# Jacobian Method

Jacobi iterative method is considered as an iterative algorithm which is used for determining the solutions for the system of linear equations in numerical linear algebra, which is diagonally dominant. In this method, an approximate value is filled in for each diagonal element. Until it converges, the process is iterated. This algorithm was first called the Jacobi transformation process of matrix diagonalization.

Let the n system of linear equations be Ax = b.

Here,

Let us decompose matrix A into a diagonal component D and remainder R such that A = D + R.

Iteratively the solution will obtain using the below equation.

x(k+1) = D-1(b – Rx(k))

Here,

xk = kth iteration or approximation of x

x(k+1) = Next iteration of xk or (k+1)th iteration of x

The formula for the element-based method is given as

## Jacobian Method Formula

Given an exact approximation x(k) = (x1(k), x2(k), x3(k), â€¦, xn(k)) for x, the procedure of Jacobian’s method helps to use the first equation and the present values of x2(k), x3(k), â€¦, xn(k) to calculate a new value x1(k+1). Likewise, to evaluate a new value xi(k) using the ith equation and the old values of the other variables. That is, given current values x(k) = (x1(k), x2(k), â€¦, xn(k)), determine new values by solving for x(k+1) = (x1(k+1), x2(k+1), â€¦, xn(k+1)) in the below expression of linear equations.

The above system of equations can also be written as below.

From the above expression it is clear that, the subscript i indicates that xi(k) is the ith element of vector x(k) = (x1(k), x2(k), â€¦, xi(k), â€¦, xn(k) ), and superscript k corresponds to the particular iteration (not the kth power of xi ).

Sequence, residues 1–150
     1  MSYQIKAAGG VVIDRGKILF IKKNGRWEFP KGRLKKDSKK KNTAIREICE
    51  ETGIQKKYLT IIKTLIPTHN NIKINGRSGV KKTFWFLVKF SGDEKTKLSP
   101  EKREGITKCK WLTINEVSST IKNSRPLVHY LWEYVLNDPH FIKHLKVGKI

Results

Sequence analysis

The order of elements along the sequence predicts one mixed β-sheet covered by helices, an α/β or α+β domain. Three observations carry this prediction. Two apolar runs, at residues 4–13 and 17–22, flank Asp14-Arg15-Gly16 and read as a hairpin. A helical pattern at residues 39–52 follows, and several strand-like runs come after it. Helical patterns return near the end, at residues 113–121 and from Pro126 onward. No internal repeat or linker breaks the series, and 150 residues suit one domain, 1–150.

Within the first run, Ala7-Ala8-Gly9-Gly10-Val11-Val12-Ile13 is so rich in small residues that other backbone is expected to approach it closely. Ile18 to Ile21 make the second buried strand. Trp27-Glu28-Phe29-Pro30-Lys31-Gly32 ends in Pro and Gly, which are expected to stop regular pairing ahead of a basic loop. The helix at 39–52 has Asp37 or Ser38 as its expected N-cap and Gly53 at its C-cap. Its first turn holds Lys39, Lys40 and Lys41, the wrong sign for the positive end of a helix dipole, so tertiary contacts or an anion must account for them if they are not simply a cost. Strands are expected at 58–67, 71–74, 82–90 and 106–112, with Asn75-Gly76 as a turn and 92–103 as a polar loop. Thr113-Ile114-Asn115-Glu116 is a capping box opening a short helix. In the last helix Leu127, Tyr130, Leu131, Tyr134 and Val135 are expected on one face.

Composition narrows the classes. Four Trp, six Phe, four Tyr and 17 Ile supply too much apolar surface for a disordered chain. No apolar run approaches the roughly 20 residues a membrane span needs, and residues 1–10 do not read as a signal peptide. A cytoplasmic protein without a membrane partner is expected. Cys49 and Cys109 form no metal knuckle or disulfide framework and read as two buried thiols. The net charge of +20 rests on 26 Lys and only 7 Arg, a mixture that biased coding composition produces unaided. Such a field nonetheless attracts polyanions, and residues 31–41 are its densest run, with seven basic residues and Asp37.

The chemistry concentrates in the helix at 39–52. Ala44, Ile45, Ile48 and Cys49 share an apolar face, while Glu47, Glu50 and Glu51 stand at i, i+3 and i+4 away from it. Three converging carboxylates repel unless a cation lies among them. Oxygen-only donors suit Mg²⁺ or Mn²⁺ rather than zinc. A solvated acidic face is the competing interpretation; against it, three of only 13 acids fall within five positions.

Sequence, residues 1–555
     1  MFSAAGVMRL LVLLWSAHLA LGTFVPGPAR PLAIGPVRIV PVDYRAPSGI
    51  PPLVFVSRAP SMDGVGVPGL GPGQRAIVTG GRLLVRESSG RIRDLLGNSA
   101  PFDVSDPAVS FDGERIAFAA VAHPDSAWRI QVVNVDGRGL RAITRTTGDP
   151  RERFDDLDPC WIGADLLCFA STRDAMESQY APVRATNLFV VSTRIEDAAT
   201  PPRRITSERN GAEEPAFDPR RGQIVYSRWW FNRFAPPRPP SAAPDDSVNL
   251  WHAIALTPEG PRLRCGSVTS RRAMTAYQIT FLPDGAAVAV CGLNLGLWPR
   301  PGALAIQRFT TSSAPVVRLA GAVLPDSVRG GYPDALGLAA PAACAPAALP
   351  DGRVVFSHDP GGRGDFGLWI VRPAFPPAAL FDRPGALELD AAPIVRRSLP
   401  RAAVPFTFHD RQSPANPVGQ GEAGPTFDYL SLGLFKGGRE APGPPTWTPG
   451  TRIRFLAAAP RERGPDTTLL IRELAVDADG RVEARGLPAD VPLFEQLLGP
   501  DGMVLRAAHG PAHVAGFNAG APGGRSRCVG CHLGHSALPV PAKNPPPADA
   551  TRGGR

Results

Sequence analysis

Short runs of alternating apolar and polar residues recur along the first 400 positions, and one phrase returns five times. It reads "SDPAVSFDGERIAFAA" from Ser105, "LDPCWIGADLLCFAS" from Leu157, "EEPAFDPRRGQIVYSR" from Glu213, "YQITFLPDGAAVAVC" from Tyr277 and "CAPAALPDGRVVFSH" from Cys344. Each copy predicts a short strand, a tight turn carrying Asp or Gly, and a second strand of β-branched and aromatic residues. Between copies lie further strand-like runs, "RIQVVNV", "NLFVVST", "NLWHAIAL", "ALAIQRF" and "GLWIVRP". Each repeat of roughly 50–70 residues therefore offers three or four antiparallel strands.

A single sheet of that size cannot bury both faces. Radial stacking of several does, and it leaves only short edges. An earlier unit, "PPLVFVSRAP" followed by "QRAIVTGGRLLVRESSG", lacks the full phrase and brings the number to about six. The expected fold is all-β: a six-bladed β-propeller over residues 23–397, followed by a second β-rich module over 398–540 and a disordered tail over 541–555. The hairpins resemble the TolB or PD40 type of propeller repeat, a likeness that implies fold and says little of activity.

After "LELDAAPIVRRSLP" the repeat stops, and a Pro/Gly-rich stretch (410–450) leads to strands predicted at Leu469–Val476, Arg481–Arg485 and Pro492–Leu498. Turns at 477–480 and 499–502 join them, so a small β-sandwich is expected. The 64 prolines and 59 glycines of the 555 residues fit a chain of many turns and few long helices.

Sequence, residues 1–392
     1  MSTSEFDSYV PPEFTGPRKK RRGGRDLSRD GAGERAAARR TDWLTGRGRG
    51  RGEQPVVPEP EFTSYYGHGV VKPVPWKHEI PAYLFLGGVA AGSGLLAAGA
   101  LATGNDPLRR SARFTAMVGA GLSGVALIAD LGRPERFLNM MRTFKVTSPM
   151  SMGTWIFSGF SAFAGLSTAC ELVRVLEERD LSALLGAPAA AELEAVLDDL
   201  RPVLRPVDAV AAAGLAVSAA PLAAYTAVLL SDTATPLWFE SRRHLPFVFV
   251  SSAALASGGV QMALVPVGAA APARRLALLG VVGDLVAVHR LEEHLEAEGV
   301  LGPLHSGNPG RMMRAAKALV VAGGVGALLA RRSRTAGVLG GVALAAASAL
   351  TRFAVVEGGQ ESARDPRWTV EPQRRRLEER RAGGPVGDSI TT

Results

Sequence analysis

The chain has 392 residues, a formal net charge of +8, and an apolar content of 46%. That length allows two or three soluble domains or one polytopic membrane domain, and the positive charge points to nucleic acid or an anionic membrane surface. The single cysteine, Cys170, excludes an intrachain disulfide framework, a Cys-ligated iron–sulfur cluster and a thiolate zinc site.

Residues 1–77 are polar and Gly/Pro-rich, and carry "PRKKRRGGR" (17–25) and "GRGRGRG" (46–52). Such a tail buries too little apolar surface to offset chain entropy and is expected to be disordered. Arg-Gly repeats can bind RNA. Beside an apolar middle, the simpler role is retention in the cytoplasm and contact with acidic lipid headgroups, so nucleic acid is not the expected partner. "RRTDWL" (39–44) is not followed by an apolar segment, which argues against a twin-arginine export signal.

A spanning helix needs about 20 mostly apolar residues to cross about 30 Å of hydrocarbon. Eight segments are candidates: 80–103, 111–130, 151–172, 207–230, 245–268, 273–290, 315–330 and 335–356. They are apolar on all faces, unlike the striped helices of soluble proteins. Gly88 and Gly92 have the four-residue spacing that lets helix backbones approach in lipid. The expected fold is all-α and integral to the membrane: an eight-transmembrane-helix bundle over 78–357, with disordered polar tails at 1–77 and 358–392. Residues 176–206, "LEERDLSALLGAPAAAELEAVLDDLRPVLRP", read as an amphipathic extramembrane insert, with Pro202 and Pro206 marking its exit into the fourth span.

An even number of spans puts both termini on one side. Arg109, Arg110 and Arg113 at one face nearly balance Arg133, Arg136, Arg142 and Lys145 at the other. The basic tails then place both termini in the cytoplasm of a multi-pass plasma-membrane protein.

Assume that D, U, and L represent the diagonal, strict upper triangular and strict lower triangular and parts of matrix A, respectively, then the Jacobianâ€™s method can be described in matrix-vector notation as given below.

This can be simplified as shown below.

Dx(k+1) + (L + U)x(k) = b

x(k+1) = D-1[(-L-U)x(k) + b]

## Properties of Jacobian Method

Adding the applications of Jacobian matrix in different areas, this method holds some important properties. The simplicity of this method is considered in both the aspects of good and bad. This method can be stated as good since it is the first iterative method and easy to understand. However, the method is also considered bad since it is not typically used in practice. Though there are cons, still it is a good starting point for those who are willing to learn more useful but more complicated iterative methods.

### Jacobian Method Example

A system of linear equation of the form Ax = b with an initial estimate x(0) is given below.

Solve the above using the Jacobian method.

Solution:

Given,

We know that x(k+1) = D-1(b – Rx(k)) is used to estimate x.

Let us rewrite the above expression in a more convenient form, i.e. D-1(b – Rx(k)) = Tx(k) + C

Here,

T = -D-1R

C = D-1b

R = L + U

Let us split the matrix A as diagonal matrix and remainder.

Upper and lower parts of reminder of A:

Here,

R = Remainder matrix

L = Lower part of R

U = Upper part of R

T = -D-1(L + U) = D-1[-L + (-U)]

Repeat the above process until it converges, i.e. until the value of ||Axn – b|| is small.